Draw free-hand perspectives.
Understand that the experience of architecture can be captured and described with forms of expression other than drawings, including free-hand perspectives, sketching, colour and light studies.

Content


INTRODUCTION AND DESIGN STUDIO (5.0 credits)
(Part A: Design Studio)
In lectures and seminars we present the role of the architect in urban development, social issues, and art, as well as the organization and study methods for the entire architectural degree program. We present the architect's various fields of work and the evolution of the architect's role through lectures by practicing architects as well as teachers and researchers on the school's faculty.
Through different exercises students develop designs for spaces in the landscape, what values can be created in relationship with target groups and function. In working with the design task, students acquire expertise in climate, landscape analysis, and presentations. Student projects are developed with instruction from practicing architects and teachers. The course concludes with a critique and reflection on the process and the values that has been created.

SPACE, CLIMATE, AND CONSTRUCTION (1.5 credits)
(Part B: Construction exercise and experiment)
In lectures we address space, climate, and construction as conditions for architectural design. The physical model is used as the point of departure for a construction exercise. The basis of leadership and value creation is discussed and tested by students during their design studio work. In the individual exercises and the group work laboration students acquire practical expertise on space, climate, and construction. The exercise concludes with a reflection about the process and what values that has been created.

THE LANGUAGE AND TOOLS OF DRAWING AND MODELING (2 credits)
(Part C: Experiment)
In lectures and exercises students are introduced to and trained in methods and tools used in design studio work.

COLOR, FORM, AND VISUALIZATION (2 credits)
(Part D: Experiment)
In lectures and exercises students are introduced to and trained in methods and tools. In free-hand drawings, model studies, and other methods, students practice designing spaces and volumes and develop the ability to depict light, color, and material.

Organisation

The course is taught and led by a teaching team. Exercises and experiments are closely linked to students' design studio work. The course is made up of lectures, seminars, exercises, experiments, design studio with instruction and critique, and reflection and evaluation. Design presentations and reflections are documented in a portfolio. Dairy notations and weekly reflections are the base for the concluding reflection.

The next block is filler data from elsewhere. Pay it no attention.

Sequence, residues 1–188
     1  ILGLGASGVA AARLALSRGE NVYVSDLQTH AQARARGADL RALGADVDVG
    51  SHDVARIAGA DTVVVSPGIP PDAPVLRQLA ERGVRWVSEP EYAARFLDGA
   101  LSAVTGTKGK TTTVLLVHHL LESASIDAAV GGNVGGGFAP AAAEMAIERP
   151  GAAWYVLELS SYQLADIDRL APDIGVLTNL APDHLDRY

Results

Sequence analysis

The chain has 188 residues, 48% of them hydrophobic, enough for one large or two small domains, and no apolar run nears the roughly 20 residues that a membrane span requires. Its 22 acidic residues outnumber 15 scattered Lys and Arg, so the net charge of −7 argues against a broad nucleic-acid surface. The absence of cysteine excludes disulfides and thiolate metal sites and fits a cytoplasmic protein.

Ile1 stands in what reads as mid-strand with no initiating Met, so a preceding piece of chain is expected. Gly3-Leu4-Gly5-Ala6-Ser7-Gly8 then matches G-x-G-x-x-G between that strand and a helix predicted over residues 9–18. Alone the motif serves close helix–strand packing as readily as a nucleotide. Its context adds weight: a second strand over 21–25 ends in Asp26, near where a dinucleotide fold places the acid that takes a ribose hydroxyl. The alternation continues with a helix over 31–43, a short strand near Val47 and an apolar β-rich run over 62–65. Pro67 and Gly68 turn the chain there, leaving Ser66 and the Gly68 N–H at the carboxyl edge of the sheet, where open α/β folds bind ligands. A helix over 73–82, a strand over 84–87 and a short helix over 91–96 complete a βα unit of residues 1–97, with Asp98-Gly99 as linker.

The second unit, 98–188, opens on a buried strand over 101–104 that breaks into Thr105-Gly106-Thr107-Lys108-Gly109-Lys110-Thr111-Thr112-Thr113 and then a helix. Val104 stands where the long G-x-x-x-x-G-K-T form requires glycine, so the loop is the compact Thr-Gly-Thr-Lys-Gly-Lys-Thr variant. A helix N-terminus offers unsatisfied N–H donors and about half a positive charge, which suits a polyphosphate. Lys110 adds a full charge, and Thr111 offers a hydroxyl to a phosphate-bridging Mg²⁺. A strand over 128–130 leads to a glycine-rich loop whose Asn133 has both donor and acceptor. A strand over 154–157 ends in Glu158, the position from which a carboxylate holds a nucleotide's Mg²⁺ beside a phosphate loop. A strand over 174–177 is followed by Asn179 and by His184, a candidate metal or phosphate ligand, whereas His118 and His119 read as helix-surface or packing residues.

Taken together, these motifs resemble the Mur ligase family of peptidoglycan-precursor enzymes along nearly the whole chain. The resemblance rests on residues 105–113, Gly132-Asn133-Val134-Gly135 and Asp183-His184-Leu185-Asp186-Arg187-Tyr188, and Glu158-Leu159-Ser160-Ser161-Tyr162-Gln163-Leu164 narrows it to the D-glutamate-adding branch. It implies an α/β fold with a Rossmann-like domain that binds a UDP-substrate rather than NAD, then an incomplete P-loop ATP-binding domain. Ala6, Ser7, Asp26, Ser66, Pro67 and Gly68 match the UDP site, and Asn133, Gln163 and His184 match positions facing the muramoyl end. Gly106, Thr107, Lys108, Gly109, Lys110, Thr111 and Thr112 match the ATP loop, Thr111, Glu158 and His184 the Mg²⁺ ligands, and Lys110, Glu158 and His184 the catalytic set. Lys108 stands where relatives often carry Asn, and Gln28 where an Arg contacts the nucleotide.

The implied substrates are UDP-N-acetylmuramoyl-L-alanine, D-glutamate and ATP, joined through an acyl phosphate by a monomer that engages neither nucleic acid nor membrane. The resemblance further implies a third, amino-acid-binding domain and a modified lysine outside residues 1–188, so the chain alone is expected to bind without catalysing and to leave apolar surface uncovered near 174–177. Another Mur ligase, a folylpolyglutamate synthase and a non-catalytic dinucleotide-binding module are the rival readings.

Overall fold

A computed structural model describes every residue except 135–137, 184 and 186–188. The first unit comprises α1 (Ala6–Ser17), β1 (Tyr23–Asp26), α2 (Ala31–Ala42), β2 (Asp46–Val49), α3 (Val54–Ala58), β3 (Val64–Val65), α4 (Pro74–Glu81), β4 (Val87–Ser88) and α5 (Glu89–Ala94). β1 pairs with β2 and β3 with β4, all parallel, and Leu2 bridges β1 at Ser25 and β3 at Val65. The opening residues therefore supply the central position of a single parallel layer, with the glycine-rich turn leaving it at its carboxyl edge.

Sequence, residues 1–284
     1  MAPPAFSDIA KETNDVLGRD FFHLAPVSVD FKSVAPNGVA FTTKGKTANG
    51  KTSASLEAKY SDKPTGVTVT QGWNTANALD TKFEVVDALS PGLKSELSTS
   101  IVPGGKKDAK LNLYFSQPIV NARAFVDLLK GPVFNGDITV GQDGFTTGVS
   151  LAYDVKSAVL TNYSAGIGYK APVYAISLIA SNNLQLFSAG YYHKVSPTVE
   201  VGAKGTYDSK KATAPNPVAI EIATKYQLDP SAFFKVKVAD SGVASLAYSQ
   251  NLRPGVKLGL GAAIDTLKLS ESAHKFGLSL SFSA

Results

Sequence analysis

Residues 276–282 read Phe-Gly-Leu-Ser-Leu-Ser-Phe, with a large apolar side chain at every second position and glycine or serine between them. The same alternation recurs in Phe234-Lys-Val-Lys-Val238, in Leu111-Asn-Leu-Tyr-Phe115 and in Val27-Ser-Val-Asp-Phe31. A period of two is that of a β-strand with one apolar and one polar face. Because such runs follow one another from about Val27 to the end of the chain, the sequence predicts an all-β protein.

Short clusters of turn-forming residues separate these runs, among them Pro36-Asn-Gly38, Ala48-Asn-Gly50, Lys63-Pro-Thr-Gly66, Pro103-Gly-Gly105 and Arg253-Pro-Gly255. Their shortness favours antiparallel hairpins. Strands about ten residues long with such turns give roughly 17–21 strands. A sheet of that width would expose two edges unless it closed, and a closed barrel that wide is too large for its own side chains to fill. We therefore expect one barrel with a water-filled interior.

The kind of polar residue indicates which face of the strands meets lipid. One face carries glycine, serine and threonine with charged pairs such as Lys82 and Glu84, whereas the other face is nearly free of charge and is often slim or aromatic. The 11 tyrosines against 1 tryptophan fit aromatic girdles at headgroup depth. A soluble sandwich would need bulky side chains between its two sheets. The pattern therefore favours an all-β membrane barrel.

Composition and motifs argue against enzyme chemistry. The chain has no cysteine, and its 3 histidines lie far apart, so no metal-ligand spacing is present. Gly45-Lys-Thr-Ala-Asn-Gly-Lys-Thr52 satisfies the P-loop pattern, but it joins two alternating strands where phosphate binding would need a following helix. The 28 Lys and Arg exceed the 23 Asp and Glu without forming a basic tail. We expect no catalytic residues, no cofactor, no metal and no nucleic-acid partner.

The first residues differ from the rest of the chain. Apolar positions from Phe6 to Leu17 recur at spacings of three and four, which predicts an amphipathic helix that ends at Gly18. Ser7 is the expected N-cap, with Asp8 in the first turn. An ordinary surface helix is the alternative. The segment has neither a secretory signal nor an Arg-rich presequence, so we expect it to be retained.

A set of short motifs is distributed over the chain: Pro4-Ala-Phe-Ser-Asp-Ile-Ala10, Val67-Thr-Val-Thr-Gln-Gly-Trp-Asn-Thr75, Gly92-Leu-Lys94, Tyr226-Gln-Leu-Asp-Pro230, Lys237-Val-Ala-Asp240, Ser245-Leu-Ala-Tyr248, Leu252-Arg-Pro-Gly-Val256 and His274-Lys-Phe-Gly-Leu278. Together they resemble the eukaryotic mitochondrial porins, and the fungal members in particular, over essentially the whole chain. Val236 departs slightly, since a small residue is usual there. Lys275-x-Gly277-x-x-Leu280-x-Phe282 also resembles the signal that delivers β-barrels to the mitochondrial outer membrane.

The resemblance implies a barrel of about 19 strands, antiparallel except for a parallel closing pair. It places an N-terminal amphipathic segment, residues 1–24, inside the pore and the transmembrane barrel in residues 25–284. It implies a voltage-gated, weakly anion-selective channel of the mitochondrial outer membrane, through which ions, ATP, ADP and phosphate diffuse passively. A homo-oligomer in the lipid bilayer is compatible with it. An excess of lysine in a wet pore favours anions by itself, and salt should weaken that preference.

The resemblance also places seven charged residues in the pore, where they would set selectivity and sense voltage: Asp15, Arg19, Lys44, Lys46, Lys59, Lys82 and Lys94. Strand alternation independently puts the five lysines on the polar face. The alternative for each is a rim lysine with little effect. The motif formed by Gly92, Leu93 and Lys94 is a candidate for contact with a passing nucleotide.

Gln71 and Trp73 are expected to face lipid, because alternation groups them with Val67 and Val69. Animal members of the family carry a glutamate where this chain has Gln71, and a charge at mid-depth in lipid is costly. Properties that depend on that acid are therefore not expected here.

Literature

Om arkitektur (ur ett pågående samtal)
Editors: Claes Caldenby, Fredrik Nilsson Published: 201110
Den sökande skissen by Arne Branzell
Arkitektens handbook by Anders Bodin, Jacob Hidemark, Martin Stintzing, Sven Nyström
Retorikens Kraft by Josefin Karlsson, Studentlitteratur utgiven 2017

Examination including compulsory elements

A passing grade requires 80% attendance, presentation and approval of exercises, active participation in design studio (conversations with studio assistants), completed and approved design studio project, and presentation of reflections on the process. Students are evaluated on the exercises and critique they turn in. Design project presentations and reflections must be documented in a portfolio.

If the result is not considered as a pass in the course, then supplementation must be completed in accordance to written instructions and assessed in the next subsequent re-examination period. If this primary supplementation does not result in a pass and further supplementation is then required, this will also be notified in writing. This secondary supplementation will be assessed in the subsequent re-examination period. If the additions are then not deemed sufficient for passing the course, the course should be retaken.

The course examiner may assess individual students in other ways than what is stated above if there are special reasons for doing so, for example if a student has a decision from Chalmers on educational support due to disability.


Page manager Published: Thu 04 Feb 2021.